Recent events in Ireland are indicative of a risk that has come to the fore. A risk that is unique to jurisdictions that are economically reliant on fiscal, legislative and regulatory leverage to attract economic activity to their shores. This activity, in turn, provide and shore up government revenues. Gibraltar is in this position. Events in the Turks and Caicos Islands, recently reported in the Chronic have brought these closer to home. These islands are more comparable to Gibraltar, both being United Kingdom Overseas Territories (UKOTs), than Ireland, which is a fully independent country.
Ireland has been hard hit by the banking crisis, public finance deficits, liquidity crisis and the recession. Hit so hard that it had to resort to the European Central Bank (ECB) for massive amounts of financial assistance. Assistance of this type comes with many strings attached. Strings that are, on the whole, economic, for example, cutting deficits and imposing huge austerity measures to redress the financial situation.
These economic terms that are imposed, in themselves, have internal political consequences. For example, in Ireland it has led to civil unrest, the resignation of the government and a general election. What is of more concern is that these situations open up the possibility that external forces can use the circumstances to impose political conditions on the economically weakened country, on the basis of the application of the age old principle that beggars cannot be choosers. In the case of Ireland much was made of Ireland being bailed out by money provided by countries (primarily Germany) who suffered economic consequences resultant on the competitive fiscal policies followed by Ireland.
Part of this argument went, Ireland has low taxes in order to attract business away from us, who have higher taxes, yet our tax payers' money is being used to bail out that economy. In turn Ireland had loose regulatory practices that contributed to the onset of the banking crisis. To boot its attractive fiscal environment stole, based on unfair fiscal competition, deposits from our own banking industry which also had an adverse effect on our economy and consequently tax revenues. Time will tell whether, either by reason of unpublicised political terms and conditions imposed on Ireland or because of the pressures of having to meet the economic obligations imposed on the loans, Ireland will be forced to become less fiscally competitive and fall more in line with mainstream EU countries.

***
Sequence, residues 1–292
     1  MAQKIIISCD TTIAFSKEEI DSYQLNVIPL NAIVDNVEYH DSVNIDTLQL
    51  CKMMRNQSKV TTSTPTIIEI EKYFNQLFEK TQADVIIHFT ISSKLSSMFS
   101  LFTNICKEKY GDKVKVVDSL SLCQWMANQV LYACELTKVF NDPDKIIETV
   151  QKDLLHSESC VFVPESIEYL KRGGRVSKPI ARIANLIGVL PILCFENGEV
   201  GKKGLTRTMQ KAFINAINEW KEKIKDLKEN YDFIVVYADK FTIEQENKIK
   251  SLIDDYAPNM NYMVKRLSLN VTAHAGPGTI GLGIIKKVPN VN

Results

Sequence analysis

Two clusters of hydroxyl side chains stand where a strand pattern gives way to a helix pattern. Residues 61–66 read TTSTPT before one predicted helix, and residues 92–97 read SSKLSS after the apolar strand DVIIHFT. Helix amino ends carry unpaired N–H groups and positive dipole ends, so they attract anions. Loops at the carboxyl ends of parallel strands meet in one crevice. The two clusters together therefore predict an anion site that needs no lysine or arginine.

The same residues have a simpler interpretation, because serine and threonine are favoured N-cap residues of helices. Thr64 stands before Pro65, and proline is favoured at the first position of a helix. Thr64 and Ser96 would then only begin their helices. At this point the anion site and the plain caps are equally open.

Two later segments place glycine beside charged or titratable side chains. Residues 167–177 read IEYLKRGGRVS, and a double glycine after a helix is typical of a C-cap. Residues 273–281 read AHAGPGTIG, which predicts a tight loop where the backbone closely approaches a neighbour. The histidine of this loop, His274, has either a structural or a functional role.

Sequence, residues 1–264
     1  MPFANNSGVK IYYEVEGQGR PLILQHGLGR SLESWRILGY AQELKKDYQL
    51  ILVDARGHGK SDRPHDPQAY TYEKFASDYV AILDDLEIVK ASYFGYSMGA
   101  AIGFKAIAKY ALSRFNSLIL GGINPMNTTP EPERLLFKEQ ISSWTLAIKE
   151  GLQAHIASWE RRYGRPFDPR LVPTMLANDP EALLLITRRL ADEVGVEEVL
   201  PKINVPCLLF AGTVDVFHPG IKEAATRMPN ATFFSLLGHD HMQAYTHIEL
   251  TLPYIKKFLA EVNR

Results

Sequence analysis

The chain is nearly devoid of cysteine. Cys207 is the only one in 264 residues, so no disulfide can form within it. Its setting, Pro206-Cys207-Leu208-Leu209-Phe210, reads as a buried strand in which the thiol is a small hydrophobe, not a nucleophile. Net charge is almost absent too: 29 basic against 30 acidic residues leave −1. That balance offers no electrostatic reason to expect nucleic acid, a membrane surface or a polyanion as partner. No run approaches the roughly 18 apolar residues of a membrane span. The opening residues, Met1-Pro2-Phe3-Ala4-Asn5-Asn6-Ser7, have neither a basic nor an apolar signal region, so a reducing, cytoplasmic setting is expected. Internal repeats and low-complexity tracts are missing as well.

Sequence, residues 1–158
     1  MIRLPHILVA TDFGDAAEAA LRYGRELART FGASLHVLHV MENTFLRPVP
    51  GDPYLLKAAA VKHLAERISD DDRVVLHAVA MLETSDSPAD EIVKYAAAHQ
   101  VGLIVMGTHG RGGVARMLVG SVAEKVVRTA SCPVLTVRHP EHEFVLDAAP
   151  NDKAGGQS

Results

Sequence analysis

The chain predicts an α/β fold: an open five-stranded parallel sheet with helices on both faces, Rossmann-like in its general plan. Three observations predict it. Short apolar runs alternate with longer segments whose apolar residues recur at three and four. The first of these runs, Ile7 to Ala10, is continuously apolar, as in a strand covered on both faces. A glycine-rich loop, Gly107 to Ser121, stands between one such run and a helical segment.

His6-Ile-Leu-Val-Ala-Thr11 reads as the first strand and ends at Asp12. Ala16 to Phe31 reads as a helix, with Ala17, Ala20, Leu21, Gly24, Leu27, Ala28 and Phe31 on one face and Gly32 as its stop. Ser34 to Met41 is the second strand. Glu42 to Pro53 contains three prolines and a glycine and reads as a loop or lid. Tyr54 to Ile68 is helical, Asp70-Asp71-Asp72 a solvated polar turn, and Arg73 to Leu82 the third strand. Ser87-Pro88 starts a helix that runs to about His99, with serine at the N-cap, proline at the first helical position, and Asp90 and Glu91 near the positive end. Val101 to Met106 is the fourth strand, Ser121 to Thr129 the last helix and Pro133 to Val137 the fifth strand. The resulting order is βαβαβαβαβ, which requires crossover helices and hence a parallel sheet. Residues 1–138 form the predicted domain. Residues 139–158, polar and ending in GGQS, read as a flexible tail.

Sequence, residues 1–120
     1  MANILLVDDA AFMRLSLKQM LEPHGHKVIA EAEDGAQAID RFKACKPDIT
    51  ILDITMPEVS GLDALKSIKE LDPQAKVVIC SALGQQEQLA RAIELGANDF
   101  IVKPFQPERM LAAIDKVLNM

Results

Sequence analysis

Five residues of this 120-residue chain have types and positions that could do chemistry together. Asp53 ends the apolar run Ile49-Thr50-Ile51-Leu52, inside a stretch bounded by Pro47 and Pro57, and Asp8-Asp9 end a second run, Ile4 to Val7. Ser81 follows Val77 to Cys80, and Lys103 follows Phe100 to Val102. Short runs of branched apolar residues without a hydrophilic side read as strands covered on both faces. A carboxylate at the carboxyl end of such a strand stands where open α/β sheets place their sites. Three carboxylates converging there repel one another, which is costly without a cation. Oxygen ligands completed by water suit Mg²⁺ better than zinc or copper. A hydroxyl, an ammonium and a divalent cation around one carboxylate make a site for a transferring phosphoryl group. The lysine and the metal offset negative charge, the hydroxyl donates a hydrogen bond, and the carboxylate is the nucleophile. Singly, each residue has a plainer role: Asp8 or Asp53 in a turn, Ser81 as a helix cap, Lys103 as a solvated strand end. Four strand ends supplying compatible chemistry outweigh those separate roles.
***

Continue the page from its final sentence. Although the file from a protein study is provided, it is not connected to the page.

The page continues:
The increased vulnerability of UKOTs to political pressures and criticisms , which unlike Ireland are not independent countries, can be seen from recent events in the Turks and Caicos Islands. The government there has not fallen simply because the UK imposed direct rule due to the rifeness of corruption undermining good governance. In addition. however, the UK has recently had to assist the Turks and Caicos Islands with a £160,000,000 package (see the Chronic, Friday,11th February 2010) to assist it to pay salaries of public servants, including doctors, nurses, teachers, police etc.
As the Chronic put it, "The decision to provide support for a country that levies no income tax or capital gains tax, particularly during a period of severe austerity in Britain, has bought criticism ... the loan was dependent on evidence that the country was taking steps to reduce its deficit. The [UK] Government has sent in Caroline Gardner as the new Chief Financial Officer. She has the task of eliminating the deficit by 2013. She can impose tough austerity measures and has power to strip the islands of their tax-haven status". In the Chronic report there then appear quotes from several persons highlighting the incongruity and unacceptability of the UK providing this type of aid to a tax-haven that lives to take away UK revenues and that loans should be conditioned on these practices ceasing.
The Chief Minister has assured Gibraltar that our overall borrowings are highly manageable and that Gibraltar runs, not a deficit but a current account surplus. I do not know whether this is the actual cash position or is based on receivables. If the latter, the cash position may differ, which would be a concern. I am also not clear whether these figures cover all contingencies or budgets for future increased recurrent expenditure that will be inevitable from government capital projects like the new Air Terminal. What seems clear is that Gibraltar has much lower, if any, reserves for contingencies than before. What is also a fact is that a new Power Station has to be built and paid for.
Joe Bossano of the GSLP opposition has expressed reservations and concerns on the financial front, about the public debt levels and about future contingent financial obligations that have bee increased by the GSD Government. Let us hope he is not right in his analysis. If he is, and the financial strength of Gibraltar is compromised, the consequences for Gibraltar could be more serious than for the Turks & Caicos islands. Gibraltar cannot go forward believing in that it is immune from the world economic downturn. Aside from undermining our finance centre, they do not have a neighbouring country that seeks sovereignty. Would they consider filling any financial breach, were the UK to refuse, and if so what would be the political consequences for Gibraltar? That scenario does not bear thinking about.